Easy-to-Clean Cages Emphasize Interactivity With Small Mammals
Highlight your store’s small mammal section with cool, easy-to-clean cages that emphasize interactivity with pets.
Adding toys, hideaways and other accessories can turn a small animal’s habitat into a home.
Small mammal owners are seeking habitats that are safe, clean and appealing. These shoppers also often look for toys and accessories that will offer their pet enrichment. Retailers that are successful in this category stock a variety of products that help create a positive experience for customers and their pets.
Safety is at the top of buyers’ lists. Even those who are shopping on a budget have a basic expectation that the products they purchase are safe for their small animal. Among those concerns is an increased awareness regarding potentially hazardous chemicals.
“Plastic products that are BPA free are very appealing to the safety- and health-conscious small animal buyers,” said Joy Wood, general manager and marketing for Lixit Corp. in Napa, Calif. “There is a big push for fewer chemicals and more healthful habitats, treats and housing.”
The same goes for toys, said Dena Tucker, owner of Greenfeather Bird Supply LLC in West Hartford, Conn.
“Pet owners do not want anything unsafe in the cage,” Tucker said. “That’s why they’re looking for Made in the U.S. products, whether it be for their pet’s food or their toys. Customers want to feel confident that they purchased something safe.”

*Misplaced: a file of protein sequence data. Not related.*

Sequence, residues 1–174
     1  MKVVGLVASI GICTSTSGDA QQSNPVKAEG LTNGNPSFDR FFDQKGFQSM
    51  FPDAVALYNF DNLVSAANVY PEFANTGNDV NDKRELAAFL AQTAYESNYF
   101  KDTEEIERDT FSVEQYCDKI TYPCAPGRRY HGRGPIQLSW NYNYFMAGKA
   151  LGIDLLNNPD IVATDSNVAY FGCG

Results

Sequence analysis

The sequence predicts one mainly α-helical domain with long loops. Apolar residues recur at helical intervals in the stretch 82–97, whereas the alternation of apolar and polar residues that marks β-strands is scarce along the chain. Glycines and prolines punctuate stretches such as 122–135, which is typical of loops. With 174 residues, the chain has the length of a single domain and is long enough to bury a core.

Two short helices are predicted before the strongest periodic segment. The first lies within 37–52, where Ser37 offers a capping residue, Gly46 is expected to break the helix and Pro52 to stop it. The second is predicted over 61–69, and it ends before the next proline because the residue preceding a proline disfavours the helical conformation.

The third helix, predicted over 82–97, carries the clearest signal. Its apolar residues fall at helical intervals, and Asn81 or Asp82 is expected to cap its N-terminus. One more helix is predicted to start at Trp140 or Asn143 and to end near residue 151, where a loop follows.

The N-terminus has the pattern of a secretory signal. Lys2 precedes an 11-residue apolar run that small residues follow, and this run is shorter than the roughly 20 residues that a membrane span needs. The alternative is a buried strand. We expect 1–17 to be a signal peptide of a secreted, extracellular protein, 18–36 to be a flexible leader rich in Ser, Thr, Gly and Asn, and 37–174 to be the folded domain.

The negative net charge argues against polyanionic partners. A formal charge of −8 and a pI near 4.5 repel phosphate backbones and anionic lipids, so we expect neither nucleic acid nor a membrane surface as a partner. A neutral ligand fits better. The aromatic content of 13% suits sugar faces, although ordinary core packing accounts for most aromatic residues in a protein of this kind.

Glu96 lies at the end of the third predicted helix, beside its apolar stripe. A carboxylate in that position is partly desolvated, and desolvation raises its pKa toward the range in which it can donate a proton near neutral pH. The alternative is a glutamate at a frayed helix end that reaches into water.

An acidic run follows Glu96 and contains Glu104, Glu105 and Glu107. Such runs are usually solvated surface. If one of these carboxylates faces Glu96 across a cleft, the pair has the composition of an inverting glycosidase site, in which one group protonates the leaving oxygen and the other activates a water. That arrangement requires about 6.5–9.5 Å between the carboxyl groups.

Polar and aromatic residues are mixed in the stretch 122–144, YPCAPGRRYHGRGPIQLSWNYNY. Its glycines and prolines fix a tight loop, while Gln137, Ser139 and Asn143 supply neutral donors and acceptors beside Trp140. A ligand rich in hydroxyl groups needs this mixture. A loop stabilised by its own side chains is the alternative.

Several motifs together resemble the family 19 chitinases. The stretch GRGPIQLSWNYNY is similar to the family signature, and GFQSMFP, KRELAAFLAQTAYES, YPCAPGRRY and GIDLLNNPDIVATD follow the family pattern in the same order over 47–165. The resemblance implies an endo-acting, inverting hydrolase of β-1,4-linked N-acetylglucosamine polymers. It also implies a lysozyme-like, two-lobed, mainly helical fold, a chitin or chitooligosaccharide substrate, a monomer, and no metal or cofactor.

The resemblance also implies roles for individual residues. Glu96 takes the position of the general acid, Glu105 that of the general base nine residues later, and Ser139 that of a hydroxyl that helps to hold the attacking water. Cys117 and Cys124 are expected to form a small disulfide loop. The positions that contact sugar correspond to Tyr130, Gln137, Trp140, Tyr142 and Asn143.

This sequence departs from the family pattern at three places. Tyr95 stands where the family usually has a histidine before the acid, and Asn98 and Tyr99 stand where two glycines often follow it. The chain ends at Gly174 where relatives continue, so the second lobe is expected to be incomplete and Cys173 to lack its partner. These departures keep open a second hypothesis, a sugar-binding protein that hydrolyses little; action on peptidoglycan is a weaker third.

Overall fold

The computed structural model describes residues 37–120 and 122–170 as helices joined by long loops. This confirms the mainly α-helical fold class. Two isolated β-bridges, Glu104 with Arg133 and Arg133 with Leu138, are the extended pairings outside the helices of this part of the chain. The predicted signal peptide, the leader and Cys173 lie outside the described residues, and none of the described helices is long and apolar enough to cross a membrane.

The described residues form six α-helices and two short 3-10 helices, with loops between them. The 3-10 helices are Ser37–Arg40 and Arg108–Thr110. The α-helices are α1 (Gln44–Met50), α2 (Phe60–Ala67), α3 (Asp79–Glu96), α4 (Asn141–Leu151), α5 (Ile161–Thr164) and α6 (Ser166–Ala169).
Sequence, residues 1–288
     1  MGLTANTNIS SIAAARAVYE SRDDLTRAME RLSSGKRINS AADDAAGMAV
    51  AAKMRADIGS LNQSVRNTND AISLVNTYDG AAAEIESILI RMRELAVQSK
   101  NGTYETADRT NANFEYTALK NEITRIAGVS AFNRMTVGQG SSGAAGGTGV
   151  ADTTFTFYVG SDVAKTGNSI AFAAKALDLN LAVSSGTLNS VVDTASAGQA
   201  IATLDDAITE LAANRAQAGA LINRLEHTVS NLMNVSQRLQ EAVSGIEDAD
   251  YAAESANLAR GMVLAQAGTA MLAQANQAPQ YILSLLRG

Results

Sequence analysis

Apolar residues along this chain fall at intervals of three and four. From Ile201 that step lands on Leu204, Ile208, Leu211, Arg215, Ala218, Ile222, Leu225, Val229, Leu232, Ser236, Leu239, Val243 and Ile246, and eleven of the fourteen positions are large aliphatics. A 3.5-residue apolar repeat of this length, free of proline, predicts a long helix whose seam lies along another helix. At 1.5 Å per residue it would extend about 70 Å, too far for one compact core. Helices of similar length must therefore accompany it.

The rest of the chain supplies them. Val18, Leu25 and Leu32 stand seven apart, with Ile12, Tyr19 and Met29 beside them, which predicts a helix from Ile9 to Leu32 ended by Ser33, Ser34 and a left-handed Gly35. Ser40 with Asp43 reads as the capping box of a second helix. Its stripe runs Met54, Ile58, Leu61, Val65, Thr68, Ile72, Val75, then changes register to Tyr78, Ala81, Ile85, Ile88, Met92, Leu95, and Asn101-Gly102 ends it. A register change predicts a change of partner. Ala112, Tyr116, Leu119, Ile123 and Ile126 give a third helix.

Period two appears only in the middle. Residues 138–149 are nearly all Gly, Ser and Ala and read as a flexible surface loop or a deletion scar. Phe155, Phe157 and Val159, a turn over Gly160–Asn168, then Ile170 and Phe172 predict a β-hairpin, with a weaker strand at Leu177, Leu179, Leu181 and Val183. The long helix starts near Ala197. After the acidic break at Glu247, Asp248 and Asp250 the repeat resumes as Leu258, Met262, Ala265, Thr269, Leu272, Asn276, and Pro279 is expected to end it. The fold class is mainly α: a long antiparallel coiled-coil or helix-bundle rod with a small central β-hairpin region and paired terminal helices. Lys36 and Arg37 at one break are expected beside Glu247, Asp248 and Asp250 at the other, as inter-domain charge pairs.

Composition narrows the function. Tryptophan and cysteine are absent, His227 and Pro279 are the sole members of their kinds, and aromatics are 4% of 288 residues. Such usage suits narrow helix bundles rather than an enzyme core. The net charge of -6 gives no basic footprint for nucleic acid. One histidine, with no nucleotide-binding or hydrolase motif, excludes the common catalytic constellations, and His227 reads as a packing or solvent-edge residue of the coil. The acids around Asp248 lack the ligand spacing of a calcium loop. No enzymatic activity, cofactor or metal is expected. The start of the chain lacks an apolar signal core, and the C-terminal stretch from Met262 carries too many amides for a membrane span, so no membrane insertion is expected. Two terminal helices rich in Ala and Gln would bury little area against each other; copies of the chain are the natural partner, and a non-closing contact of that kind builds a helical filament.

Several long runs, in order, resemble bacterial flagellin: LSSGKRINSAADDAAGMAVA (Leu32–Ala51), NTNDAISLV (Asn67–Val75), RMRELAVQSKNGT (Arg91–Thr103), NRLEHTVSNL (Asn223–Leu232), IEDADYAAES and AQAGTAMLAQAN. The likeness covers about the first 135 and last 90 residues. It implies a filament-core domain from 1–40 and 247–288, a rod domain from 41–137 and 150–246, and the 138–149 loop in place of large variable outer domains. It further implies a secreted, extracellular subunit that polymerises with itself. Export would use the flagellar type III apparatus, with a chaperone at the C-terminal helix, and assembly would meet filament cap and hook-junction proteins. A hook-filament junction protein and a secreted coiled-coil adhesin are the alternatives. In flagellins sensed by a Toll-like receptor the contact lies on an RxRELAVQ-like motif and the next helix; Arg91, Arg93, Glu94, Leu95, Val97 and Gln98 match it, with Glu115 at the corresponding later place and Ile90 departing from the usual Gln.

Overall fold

Of course, for small animals, safety also means staying inside of the cage. Tom Rogers, owner of Panhandle Pet Supply in Tallahassee, Fla., said that a lot of his customers have other pets in the home. Therefore, keeping their small mammal inside of the cage is a key concern.
“If they’re purchasing a hamster or a guinea pig, they’ll express concern in keeping it safe from their cat or dog,” Rogers said. “That means they want a cage that isn’t just chew resistant, but one that is chew proof. They want to know that their animal is going to stay put.”
Habitats that are easy to clean are much more appealing. Consumers are looking for features such as pull-out trays or easy-to-access doors to make cleaning less tedious.
“The easier the habitat is to maintain, the better,” Rogers said. “The average customer wants a cage that is easy to clean so that it’s not incredibly time consuming or burdensome.”
Heather Anderson, store manager at Urban Tails Pet Supply in Minneapolis, said that staffers always emphasize the importance of looking after the health of the animal. With small mammals, this includes maintaining a clean cage.
“Cleanliness equals healthiness in pets,” Anderson said. “We tend to push for the biggest habitat that [consumers] can afford in their budget, even if that means bypassing some of those fancy features. To us, the physical space is more important than added features. A larger cage is not only easier to clean, but also gives the animal more space, which is better for their mental and physical health.”
Some manufacturers are looking for additional creative solutions to help keep enclosures clean. Jason Casto, director of Kaytee Hard Goods/Pets International, brands of Walnut Creek, Calif.-based Central Garden & Pet, said that the company’s research has indicated that cage odor and difficulty in cleaning habitats can be major drawbacks to owning a small animal. But the company has sought unique solutions to simplify the process.
“A product such as our new CritterTrail Quick Clean Habitat featuring a disposable bedding tray cartridge system is an excellent example of an innovation that improves the pet ownership experience,” Casto said. “Our new disposable bedding tray makes it easy for consumers to clean the habitat. They simply dispose and replace the bedding tray once a week.”